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What You Need to Know about OSHA’s Respirable Crystalline Silica Policy

OSHA Construction Safety Regulations

In March 2016, the Occupational Safety and Health Administration published the “Occupational Exposure to Respirable Crystalline Silica” policy, which is the agency’s first update to silica regulations since 1971. An estimated 600 lives per year are saved by this policy. It also prevents over 900 cases of silicosis annually.

This rule widely affects construction safety practices. If you need assistance in ensuring that your business is compliant with the guidelines, contact us here at Impact Safety Systems, Inc. We offer workplace safety training (including silica awareness training) and other services to help different organizations create safe and healthy workplaces.

Understanding Crystalline Silica

Crystalline silica is just one of the known lung carcinogens. It is also commonly found in building materials including granite, concrete, soil, and sand.

Workers who are not adequately protected run the risk of inhaling tiny crystalline silica particles while performing activities including the following:

• abrasive blasting with sand
• sanding/drilling concrete walls
• sawing concrete or brick
• grinding mortar
• crushing/cutting stone
• manufacturing concrete, stone, brick, or ceramic products

Respirable particles of crystalline silica may enter the lungs and form scar tissue, and in some cases, silicosis (a respiratory disease that has no cure and can potentially be fatal in severe cases). Exposure to this type of dust also increases lung cancer, chronic obstructive pulmonary disease, and kidney disease risks.

According to OSHA, about 2 million workers in the US are exposed to tiny particles of crystalline silica at their workplaces.

OSHA issued two distinct standards as part of this policy with the aim of tailoring requirements for different work environments. There is one for the construction industry and one for general and maritime industries. Both standards contain industry-specific controls and requirements that employers need to follow in ensuring compliance.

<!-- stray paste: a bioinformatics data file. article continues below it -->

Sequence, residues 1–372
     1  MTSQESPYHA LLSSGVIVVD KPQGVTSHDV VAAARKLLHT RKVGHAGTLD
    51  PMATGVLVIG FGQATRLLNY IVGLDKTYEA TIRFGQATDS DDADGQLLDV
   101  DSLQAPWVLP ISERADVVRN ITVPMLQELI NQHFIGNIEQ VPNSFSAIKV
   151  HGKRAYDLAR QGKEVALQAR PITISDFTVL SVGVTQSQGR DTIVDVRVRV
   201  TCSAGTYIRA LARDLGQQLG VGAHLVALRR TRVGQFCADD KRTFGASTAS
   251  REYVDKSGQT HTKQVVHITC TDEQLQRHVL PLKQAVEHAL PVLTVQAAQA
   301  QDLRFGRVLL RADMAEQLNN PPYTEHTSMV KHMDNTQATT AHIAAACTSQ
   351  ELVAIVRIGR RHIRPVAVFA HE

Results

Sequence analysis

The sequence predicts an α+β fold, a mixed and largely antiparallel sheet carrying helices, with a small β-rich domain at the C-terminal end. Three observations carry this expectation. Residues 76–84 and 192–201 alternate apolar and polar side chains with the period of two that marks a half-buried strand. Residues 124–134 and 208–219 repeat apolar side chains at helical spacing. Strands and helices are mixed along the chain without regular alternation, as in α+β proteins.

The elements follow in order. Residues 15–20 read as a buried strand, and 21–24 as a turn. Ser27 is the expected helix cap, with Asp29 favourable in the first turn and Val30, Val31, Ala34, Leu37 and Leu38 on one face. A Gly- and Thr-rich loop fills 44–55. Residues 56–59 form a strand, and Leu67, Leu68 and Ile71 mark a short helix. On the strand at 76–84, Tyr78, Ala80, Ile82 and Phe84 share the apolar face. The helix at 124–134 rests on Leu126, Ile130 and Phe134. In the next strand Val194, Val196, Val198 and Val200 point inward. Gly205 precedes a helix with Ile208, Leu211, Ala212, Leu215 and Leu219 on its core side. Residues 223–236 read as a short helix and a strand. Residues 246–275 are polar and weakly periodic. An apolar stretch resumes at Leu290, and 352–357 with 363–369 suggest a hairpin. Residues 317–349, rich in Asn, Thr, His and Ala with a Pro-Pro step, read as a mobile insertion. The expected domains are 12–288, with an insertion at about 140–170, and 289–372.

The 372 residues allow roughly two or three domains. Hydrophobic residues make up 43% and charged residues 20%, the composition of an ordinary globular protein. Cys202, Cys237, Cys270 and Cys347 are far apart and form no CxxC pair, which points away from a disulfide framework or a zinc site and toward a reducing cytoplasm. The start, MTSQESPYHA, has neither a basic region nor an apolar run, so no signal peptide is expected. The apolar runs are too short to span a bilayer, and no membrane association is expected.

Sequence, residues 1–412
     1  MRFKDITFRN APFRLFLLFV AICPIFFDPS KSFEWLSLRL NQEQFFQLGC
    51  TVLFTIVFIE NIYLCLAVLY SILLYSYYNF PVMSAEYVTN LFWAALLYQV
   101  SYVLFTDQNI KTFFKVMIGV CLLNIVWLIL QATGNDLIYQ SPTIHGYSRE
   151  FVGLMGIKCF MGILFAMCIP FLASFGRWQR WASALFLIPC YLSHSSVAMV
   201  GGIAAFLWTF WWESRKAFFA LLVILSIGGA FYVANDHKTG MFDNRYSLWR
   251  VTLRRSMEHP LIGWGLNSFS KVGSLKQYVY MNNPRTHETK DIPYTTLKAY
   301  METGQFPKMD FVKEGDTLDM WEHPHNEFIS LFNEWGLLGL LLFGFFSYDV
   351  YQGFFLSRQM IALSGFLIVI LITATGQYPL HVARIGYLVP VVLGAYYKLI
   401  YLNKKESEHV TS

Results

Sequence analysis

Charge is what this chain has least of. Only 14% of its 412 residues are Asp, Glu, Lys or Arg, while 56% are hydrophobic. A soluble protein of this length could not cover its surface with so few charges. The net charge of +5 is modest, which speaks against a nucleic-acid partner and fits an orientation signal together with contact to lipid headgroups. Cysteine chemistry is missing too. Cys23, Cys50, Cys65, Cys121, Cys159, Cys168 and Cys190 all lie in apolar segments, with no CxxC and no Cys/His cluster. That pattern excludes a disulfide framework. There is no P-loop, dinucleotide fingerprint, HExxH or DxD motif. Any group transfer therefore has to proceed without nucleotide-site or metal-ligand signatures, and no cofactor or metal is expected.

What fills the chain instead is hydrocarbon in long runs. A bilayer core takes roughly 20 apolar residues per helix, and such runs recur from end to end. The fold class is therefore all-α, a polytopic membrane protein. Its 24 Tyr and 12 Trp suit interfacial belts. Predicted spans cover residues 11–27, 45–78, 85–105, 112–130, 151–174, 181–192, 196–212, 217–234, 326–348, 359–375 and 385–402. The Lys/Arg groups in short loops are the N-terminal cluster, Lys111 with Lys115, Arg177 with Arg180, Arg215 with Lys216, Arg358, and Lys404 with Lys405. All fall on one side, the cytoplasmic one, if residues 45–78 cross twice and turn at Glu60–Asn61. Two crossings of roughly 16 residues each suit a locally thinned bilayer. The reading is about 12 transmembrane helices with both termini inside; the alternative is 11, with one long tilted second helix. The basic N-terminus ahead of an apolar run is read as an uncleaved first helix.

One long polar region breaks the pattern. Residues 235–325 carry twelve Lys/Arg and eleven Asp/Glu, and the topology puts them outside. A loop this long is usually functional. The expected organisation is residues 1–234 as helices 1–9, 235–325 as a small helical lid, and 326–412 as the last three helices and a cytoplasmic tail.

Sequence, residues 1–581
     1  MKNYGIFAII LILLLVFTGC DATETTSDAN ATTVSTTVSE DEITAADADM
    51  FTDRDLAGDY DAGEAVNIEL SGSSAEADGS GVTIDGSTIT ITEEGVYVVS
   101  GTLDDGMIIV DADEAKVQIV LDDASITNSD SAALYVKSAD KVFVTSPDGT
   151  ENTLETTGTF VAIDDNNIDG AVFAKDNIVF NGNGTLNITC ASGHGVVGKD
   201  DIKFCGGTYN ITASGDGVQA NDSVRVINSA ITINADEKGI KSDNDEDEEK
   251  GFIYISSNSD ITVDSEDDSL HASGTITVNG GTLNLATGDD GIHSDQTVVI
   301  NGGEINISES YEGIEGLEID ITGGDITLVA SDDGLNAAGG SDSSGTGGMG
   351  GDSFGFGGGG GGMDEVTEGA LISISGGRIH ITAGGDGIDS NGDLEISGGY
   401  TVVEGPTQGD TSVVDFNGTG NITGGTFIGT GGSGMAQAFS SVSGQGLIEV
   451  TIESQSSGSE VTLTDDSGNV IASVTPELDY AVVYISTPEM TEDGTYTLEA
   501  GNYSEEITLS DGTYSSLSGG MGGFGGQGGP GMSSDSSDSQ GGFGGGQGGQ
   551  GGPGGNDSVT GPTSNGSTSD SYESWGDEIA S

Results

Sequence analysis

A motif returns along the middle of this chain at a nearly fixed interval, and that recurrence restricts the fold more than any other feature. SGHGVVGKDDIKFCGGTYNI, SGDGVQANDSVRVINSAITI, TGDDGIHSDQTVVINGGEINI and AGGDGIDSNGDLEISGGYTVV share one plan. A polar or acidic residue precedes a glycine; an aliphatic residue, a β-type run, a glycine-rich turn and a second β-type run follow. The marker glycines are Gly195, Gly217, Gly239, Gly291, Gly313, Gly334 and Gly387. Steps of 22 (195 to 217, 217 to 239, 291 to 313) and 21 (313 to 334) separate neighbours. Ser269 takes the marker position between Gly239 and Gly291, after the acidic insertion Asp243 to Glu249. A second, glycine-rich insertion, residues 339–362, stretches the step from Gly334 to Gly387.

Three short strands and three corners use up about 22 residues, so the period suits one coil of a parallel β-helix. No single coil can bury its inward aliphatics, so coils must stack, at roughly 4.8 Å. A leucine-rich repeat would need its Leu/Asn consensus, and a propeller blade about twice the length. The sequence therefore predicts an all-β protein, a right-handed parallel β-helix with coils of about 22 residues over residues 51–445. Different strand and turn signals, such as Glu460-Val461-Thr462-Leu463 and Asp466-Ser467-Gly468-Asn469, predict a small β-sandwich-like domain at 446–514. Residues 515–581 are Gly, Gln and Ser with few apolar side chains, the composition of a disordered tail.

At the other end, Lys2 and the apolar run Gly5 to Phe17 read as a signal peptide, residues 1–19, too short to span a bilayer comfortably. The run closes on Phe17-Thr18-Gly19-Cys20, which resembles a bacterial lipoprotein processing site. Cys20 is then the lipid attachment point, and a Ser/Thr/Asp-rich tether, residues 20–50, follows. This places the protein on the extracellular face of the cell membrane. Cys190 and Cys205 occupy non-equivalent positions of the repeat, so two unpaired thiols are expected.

How will OSHA’s respirable crystalline silica policy affect your organization?

This final rule obligates covered employers to assess the exposure of their employees to silica if, when averaged over an 8-hour work shift, it may reach or exceed 25 micrograms per cubic meter of air.

According to this policy, the permissible exposure limit is 50 micrograms per cubic meter of air averaged over an 8-hour work shift. This limit is lower than its 1971 counterpart as is consistent with the 1974 recommendations of the National Institute for Occupational Safety and Health.

The policy also requires employers to develop written control plans, limit employee access to high-risk/high-exposure areas, and provide their workers with proper respiratory protection in cases when controls cannot limit exposures.

In addition, employers are required to provide medical exams to respirator-wearing workers every three years. All medical exam records and exposure measurements must be saved and maintained.

Finally, the policy requires businesses to provide construction safety and workplace safety training to educate their workers on silica exposure hazards and how to limit exposure risk.

Getting proper training

Impact Safety Systems, Inc. provides different training programs to help businesses of all sizes comply with the policy.

Lasting anywhere from two hours to a full day, depending on the requirements of the business, these courses help students understand the health risks of respirable crystalline silica exposure, what activities may result in exposure, and work practices/ engineering controls for mitigating hazards. The certification from these training programs doesn’t expire, but it’s a good idea to retrain staff every three years to ensure that everyone is updated on any changes and developments.

We also offer training for organizations that need to designate a ‘competent person’ who can identify existing and predictable respirable crystalline silica risks in the workplace. This competent person will be authorized to take corrective measures to promptly minimize (if not eliminate) those hazards as outlined in CFR 1926.1153.